A further object of the present invention is to provide an apparatus for manufacturing such a corrugated plastic pipe.

In view of the above objects, the inventors have found that such a corrugated plastic pipe can be produced by using a forming core belt to ensure the formation of a spiral ridge of accurate shape, cutting the resulting spiral ridge to remove the core belt and closing the cut ridge with another plastic ribbon.

Thus, the plastic pipe having a spiral ridge on an outer surface and a flat inner surface according to the present invention is constituted by a spirally wound plastic ribbon comprising at least one ridge-shaped deformation extending longitudinally and provided with a longitudinal slit and flat portions extending on both sides of the ridge-shaped deformation, at least adjacent plastic ribbons being fused with each other in the flat portions so that the fused flat portions provide the flat inner suface covering the bottom of the spiral ridge, and the longitudinal slit being sealed with a second plastic ribbon fused to the spiral ridge.

The method of manufacturing a plastic pipe having a spiral ridge on the outer surface and a flat inner surface according to the present invention comprises the steps of:

(a) supplying a plastic ribbon in a softened state onto a plurality of rotating forming rolls arranged circularly, so that the plastic ribbon is spirally wound around the forming rolls while partially overlapping to be fused with each other:

(b) spirally winding an endless forming core belt around the forming rolls in such a manner that the endless forming core belt is sandwiched between the plastic ribbon already wound around the forming rolls and the plastic ribbon newly supplied, thereby providing the resulting plastic pipe with a spiral ridge;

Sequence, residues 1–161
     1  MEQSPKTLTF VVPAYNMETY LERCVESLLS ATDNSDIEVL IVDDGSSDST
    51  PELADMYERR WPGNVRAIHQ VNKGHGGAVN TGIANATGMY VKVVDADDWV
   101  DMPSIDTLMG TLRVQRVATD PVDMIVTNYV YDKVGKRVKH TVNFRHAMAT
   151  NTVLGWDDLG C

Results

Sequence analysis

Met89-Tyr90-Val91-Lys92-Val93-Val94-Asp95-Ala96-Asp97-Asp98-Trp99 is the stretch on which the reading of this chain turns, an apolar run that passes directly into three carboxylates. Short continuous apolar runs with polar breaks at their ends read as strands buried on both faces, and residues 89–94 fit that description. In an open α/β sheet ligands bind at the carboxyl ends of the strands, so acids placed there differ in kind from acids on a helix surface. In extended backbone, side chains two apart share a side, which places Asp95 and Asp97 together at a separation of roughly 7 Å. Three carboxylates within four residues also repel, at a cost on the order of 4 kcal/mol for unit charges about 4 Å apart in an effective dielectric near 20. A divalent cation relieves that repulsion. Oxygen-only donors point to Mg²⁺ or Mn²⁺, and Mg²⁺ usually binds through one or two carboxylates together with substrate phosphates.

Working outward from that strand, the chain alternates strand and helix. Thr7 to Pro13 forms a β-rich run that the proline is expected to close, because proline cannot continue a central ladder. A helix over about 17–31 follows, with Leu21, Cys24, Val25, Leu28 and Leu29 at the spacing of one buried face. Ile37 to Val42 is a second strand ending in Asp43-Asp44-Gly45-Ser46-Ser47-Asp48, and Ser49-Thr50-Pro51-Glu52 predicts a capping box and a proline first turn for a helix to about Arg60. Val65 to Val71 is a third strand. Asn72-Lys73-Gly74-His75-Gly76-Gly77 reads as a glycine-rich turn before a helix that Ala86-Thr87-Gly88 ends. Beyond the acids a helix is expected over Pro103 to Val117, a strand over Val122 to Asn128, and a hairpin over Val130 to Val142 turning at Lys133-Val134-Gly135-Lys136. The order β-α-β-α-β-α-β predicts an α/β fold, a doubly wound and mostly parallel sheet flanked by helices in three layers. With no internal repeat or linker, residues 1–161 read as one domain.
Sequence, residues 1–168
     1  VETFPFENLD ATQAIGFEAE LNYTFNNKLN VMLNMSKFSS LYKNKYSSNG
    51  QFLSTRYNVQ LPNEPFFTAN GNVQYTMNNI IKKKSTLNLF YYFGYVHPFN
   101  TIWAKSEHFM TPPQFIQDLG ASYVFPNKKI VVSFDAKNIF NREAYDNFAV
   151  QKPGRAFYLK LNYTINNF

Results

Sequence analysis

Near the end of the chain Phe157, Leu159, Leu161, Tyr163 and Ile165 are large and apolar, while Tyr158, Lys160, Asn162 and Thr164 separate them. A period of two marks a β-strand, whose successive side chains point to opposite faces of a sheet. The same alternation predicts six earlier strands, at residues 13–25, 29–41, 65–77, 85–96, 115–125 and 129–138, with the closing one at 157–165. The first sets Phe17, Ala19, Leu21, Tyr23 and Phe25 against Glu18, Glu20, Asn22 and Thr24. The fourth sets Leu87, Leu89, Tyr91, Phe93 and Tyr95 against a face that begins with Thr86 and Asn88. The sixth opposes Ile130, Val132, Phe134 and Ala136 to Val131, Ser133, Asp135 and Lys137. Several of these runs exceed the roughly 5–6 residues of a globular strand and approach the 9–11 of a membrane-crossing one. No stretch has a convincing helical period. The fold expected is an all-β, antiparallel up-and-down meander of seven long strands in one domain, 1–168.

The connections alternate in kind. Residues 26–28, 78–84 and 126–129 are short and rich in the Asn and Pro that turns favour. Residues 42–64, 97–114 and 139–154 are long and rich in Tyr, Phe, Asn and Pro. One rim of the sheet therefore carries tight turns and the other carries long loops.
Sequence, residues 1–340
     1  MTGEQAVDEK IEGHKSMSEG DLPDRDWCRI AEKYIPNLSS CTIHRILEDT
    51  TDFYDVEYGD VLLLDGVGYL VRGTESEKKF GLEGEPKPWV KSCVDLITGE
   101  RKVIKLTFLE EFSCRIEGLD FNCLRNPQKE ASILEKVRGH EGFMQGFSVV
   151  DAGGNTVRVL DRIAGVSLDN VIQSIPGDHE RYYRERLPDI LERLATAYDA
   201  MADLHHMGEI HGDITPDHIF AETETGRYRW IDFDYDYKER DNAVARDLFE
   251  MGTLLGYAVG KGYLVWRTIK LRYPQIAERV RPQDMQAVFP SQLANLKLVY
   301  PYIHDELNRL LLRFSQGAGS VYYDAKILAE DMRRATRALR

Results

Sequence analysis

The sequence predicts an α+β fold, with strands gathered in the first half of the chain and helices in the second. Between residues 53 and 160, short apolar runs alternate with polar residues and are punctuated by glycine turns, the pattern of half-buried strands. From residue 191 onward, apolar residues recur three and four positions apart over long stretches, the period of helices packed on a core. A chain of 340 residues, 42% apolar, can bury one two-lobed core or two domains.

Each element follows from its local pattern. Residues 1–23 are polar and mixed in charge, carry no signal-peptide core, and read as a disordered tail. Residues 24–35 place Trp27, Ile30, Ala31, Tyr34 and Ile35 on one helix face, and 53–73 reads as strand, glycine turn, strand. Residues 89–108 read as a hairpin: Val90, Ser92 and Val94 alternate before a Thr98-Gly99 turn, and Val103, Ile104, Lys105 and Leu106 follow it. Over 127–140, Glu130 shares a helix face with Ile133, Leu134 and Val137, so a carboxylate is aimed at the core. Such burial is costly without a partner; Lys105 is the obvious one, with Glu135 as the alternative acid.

(c) cutting the spiral ridge after the plastic ribbon is fused with each other and sufficiently cooled, thereby providing the spiral ridge with a slit extending along it to remove the endless forming core belt from it: and

(d) winding a second plastic ribbon in a softened state around the spiral ridge to fuse the second plastic ribbon thereto, thereby sealing the slit.

The apparatus for manufacturing a plastic pipe having a spiral ridge on an outer surface and a flat inner surface according to the present invention comprises:

(a) a plurality of rotatable forming rolls arranged circularly;

(b) first means positioned near the rear ends of the rotatable forming rolls for supplying a plastic ribbon in a softened state to the rotatable forming rolls;

(c) an endless forming core belt, part of which is wound around the rotatable forming rolls in such a manner that the endless forming core belt is sandwiched between the plastic ribbon already wound around the rotatable forming rolls and the plastic ribbon newly supplied from the first means, thereby providing the resulting plastic pipe with a spiral ridge:

(d) a cutter for providing the spiral ridge with a slit extending along it to remove the endless forming core belt therefrom; and

(e) second means provided on the downstream of the cutter for supplying a second plastic ribbon which is to be fused to the spiral ridge to seal the slit.

BRIEF DESCRIPTION OF THE DRAWINGS

FIG. 1 is a side view showing the method of manufacturing a plastic pipe according to one embodiment of the present invention:

FIG. 2 is a side view of the apparatus for manufacturing a plastic pipe according to one embodiment of the present invention;

FIG. 3 is a front view of the apparatus of FIG. 2;

FIG. 4 is a cross-sectional view of the apparatus of FIG. 2;